Best Bbq In Usa List in 2023
Barbecue Sauces, Rubs, and Marinades--Bastes, Butters & Glazes, Too
Roadfood, 10th Edition: An Eater's Guide to More Than 1,000 of the Best Local Hot Spots and Hidden Gems Across America (Roadfood: The Coast-To-Coast Guide to the Best Barbecue Join)
Mustards Grill Napa Valley Cookbook: Truck Stop Deluxe in Napa Valley
Game-Day Favorites: 31 Recipes for Your Next Tailgate or Game-Day Party
A New Turn in the South: Southern Flavors Reinvented for Your Kitchen: A Cookbook
America's Test Kitchen Twentieth Anniversary TV Show Cookbook: Best-Ever Recipes from the Most Successful Cooking Show on TV
Smokin' with Myron Mixon: Recipes Made Simple, from the Winningest Man in Barbecue: A Cookbook
Dukes of Duval County: The Parr Family and Texas Politics
The Mossback Cafe Cookbook: The Best Little Fictional Cafe In Texas
Milk-Bone MaroSnacks Dog Treats for Dogs of All Sizes, 40 Ounces
- Contains 1 - 40 Ounce Canister of Dog Treats for Dogs of All Sizes
- Wholesome, delicious treats that you can feel good about giving
- Tasty and nutritious with real bone marrow
- Rich in calcium to help maintain strong teeth and bones
'The Shed' Displays Fun, Barbeque, and a Positive Image of Southern People
A reality TV show called “The Shed” recently premiered on the Food Network. “The Shed Barbeque and Blues Joint” is in Ocean Springs, Mississippi. The show is almost unique in that it actually depicts a positive image of southern people.
A reality TV show called "The Shed" recently premiered on the Food Network. "The Shed Barbeque and Blues Joint" is in Ocean Springs, Mississippi. The show is almost unique in that it actually depicts a positive image of southern people.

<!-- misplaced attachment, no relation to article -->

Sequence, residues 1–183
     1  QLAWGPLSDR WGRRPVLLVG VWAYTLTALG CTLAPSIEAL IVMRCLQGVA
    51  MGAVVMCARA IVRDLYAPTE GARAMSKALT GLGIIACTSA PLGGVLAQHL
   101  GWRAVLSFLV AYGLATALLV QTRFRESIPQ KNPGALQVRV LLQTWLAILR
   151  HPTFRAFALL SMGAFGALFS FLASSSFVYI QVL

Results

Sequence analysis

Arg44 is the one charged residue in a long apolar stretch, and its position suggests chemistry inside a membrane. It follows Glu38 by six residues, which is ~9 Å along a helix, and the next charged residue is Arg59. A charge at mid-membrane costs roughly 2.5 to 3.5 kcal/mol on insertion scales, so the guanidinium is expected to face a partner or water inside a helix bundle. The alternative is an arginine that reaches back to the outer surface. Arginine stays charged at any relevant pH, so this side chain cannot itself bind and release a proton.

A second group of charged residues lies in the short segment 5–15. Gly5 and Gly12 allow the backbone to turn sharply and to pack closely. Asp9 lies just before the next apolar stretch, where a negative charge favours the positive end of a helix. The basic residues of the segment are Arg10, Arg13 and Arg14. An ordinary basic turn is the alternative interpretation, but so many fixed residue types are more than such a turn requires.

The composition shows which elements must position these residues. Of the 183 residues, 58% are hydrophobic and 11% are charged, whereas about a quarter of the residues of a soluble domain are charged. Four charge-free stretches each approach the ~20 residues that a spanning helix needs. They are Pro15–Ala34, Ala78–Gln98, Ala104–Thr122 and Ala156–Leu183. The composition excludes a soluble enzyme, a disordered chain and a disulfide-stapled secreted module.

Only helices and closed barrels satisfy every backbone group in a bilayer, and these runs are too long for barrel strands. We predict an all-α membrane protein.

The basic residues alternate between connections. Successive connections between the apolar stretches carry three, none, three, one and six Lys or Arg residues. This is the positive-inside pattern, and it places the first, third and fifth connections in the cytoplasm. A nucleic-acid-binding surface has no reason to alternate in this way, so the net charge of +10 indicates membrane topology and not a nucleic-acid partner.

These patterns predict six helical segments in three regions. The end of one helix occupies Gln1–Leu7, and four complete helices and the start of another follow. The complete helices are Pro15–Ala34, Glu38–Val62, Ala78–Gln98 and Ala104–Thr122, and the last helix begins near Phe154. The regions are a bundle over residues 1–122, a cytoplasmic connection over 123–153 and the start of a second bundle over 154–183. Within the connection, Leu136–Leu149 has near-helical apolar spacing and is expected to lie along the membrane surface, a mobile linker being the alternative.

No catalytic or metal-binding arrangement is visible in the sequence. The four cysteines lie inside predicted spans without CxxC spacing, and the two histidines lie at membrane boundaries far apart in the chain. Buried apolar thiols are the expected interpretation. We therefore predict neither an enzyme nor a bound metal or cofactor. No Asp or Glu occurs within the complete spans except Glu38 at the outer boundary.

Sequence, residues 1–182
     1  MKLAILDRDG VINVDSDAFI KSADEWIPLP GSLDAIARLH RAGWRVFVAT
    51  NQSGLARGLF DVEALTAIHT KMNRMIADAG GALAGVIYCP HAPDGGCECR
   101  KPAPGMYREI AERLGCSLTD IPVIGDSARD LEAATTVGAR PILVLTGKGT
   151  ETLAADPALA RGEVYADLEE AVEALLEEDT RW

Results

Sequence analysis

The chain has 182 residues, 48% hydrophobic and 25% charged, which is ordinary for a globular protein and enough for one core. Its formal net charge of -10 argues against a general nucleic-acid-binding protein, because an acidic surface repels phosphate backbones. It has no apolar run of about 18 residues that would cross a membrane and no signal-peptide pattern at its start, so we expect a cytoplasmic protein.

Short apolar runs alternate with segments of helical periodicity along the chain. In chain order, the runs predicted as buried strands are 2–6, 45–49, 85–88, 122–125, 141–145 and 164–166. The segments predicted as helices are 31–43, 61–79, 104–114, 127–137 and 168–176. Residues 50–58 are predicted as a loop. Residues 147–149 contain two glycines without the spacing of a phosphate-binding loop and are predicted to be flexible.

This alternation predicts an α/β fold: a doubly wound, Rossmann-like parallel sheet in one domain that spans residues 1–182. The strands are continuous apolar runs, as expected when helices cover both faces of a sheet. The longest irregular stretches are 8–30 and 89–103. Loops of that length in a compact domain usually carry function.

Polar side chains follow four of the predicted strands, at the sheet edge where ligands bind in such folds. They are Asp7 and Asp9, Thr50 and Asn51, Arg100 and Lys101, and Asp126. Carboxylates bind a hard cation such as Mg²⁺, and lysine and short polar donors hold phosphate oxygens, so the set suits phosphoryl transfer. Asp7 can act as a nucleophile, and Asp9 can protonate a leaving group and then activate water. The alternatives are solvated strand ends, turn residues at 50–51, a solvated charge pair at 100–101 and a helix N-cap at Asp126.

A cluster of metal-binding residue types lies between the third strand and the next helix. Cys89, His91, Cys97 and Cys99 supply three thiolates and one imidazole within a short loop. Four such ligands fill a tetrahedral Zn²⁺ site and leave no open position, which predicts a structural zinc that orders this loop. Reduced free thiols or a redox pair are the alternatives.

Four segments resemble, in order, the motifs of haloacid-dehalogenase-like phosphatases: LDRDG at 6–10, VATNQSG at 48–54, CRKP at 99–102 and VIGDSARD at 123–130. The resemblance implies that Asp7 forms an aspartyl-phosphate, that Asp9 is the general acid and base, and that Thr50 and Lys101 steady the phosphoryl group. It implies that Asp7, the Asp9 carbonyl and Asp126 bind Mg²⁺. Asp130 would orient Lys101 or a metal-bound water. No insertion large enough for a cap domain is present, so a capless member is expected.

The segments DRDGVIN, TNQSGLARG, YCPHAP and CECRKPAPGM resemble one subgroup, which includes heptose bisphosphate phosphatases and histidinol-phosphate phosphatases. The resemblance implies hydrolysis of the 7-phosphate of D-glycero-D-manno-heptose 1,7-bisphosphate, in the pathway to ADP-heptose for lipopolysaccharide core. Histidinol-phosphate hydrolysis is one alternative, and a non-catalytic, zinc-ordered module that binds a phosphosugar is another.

Reality TV is often synonymous with train wreck TV, no more so when the people being depicted hail from a state that was in the Confederacy. "Here Comes Honey Bo Boo" is a prime example.
The Washington Post recently posited that reality TV uses stereotypes because they are readily recognized and are easy to understand. It avoids the necessity of building unique characters. Southern stereotypes are the most recognized, especially to programming developers who live in New York.
To be sure there are exceptions. "Billy the Exterminator" is a successful businessman, albeit colorful with a strange hair style and tattoos, who regularly solves difficult problems in pest removal. "Duck Dynasty" is another example, about a family that "that looks like ZZ Top and has made millions in a mail order duck call business." So is "Rocket City Red Necks" about a group of down home rocket scientists.
Which brings us to "The Shed." It is clear that the folks who run the iconic barbeque eatery, while quirky and eccentric, are sharp businesspeople and can solve problems under pressure. The owners, Brad Omison and his sister Brooke Lewis, are handsome, young, and highly skilled at what they do, running a food business. They employ their parents, Craig "Daddy-o" Omison, Linda "Mama Shed" Omison, along with a number of other people who represent a cross section of southern types, except for the office manager Hazel Turner, who was born in London.
The first episode aired depicted the struggles to cater a wedding at the last minute, involving a menu of crawfish, a whole roast big, and the first smoked wedding cake in history. This was followed by an episode depicting a girls vs. boys competition to see who can come up with the best marketing ploy. The girls came up with a calendar. The boys came up with a cannon that fired pulled pork sandwiches at a wrestling crowd. While the calendar won on a cost/benefit basis, one cannot argue with the sheer cool value of a sandwich cannon.
Currently "The Shed" runs on The Food Network on Mondays at 10 p.m. Eastern with numerous repeats during the week.